And to be quite honest, we’re all still freaking the hell out. But in a good way. How is this possible? We’re used to being the loveable losers and now people are talking about how we’ve replaced the Dallas Cowboys as America’s team. Really? We still all walk around yelling “the Saints are going to the Super Bowl!” to each other. Because it’s just. That. Amazing.
But can I tell you a secret? We don’t want to be America’s team. We’re not used to this spotlight and are unsure of what to do with ourselves. We like being the underdogs, and to be completely honest, I think people around here are relieved to hear that the Colts are currently favored to win the Super Bowl by about six points.
There are more rules to NFL football than I’ll ever learn; although I can now tell you what a safety is, what a pick-six is, and what it means when a penalty is declined. This is the year I’ve begun scaring my husband by asking for the sports section of the paper.
I’m not a sports writer, obviously. All I can really tell you is what this season has meant to us, the fans. We’re all walking around pinching ourselves, trying to believe that this really is the year that the Saints are going all the way. And by God, it’s scary. And wonderful. And strange. And beautiful. The Saints have done something magical for this city. It’s a love affair unlike any I’ve ever seen before. Our football team gets it. They get us. And we’ve all been rewarded by the relationship.
Has the Saints euphoria we feel around here erased all of the post-Katrina problems we have? Of course not. Our mayor is a train wreck and we can’t wait for him to leave office. Our crime rates are staggering. We have to drive 20 mph down many of the streets in this city, even on streets with higher speed limits, because of the damage you’d do to your car if you tried to drive any faster. Our public school system is now a confusing tangle of privately operated charter schools, all of which have different admissions standards and deadlines. Most days, it seems that a large portion of this country hates us for living here — even though they’re more than willing to come here on vacation and vomit in our streets, urinate in our yards, and then complain about how dirty our city is.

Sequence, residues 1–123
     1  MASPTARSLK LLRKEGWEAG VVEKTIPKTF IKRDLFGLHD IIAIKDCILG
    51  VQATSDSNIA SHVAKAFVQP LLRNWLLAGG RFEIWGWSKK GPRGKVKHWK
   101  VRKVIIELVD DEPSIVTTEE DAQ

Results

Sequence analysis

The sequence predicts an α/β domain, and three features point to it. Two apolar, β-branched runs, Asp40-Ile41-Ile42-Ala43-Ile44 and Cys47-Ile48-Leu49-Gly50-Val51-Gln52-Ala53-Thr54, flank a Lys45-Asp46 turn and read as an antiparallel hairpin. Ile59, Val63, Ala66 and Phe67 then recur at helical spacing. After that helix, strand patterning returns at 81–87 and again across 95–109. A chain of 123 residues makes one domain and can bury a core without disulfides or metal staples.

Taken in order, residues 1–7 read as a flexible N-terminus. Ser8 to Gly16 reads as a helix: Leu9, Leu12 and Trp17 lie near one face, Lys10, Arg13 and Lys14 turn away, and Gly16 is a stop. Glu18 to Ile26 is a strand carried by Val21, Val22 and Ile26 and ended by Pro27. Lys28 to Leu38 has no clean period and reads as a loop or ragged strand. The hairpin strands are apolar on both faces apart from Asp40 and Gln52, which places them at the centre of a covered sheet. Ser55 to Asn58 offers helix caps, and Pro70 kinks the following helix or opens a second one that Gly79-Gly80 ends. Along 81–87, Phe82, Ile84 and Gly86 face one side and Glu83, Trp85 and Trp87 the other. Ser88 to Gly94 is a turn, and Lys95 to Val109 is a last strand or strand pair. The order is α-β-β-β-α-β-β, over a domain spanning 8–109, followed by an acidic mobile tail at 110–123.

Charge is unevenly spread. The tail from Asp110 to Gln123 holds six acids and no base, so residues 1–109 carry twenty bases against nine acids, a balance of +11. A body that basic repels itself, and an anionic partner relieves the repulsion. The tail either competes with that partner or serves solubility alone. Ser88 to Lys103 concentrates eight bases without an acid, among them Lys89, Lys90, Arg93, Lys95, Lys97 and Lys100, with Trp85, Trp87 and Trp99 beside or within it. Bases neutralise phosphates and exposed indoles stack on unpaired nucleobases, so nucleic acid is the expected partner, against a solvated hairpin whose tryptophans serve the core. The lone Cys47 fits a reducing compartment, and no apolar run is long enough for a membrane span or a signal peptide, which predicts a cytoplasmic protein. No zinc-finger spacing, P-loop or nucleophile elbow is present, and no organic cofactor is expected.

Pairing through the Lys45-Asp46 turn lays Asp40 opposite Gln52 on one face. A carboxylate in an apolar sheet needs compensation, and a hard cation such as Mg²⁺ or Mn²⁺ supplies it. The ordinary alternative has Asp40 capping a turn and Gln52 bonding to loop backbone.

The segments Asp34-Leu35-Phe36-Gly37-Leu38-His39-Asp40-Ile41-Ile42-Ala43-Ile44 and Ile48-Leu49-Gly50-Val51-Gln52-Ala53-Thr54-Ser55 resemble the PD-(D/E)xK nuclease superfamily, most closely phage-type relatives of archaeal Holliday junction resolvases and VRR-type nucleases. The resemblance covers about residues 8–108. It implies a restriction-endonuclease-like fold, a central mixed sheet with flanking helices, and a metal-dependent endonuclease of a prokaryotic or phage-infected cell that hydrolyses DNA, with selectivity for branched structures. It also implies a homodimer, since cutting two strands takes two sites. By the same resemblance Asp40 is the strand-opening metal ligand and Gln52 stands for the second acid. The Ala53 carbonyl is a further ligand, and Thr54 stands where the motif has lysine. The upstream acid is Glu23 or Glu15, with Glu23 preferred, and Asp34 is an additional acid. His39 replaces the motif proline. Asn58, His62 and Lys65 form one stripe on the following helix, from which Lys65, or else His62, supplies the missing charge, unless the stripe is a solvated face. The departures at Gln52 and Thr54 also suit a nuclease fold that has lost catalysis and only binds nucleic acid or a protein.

But you know what? None of that matters right now. Because we’re going to the Super Bowl, people. And win or lose, we’ll be waiting for the Saints at the airport upon their return from Miami. Win or lose, we’re planning a parade for them. Win or lose, this will be the biggest Mardi Gras you’ve ever seen. It’s been a hell of a ride, and we’ve enjoyed every single minute of it.
And in a city where everyday living has taken on an alternate universe feeling since 2005, we’ll take it. New Orleans gets a lot of bad press, some of it deservedly so. But as someone who’s lived here for quite some time, I can tell you that this is a city whose people are lovely and loving. A people who can’t talk about this dream, finally realized after 43 years, without tearing up just a bit. The Saints deserve this. We deserve this. And win or lose, they’ve already made us proud.
As Jaclyn Fujita, the wife of Saints linebacker Scott Fujita, told him recently in a text message before one of the many big games this season, “The people of New Orleans love the Saints not because they provide a distraction from their fall, but because they are a reflection of their rise.”
Strange and beautiful days, indeed. Pigs have flown. Who Dat!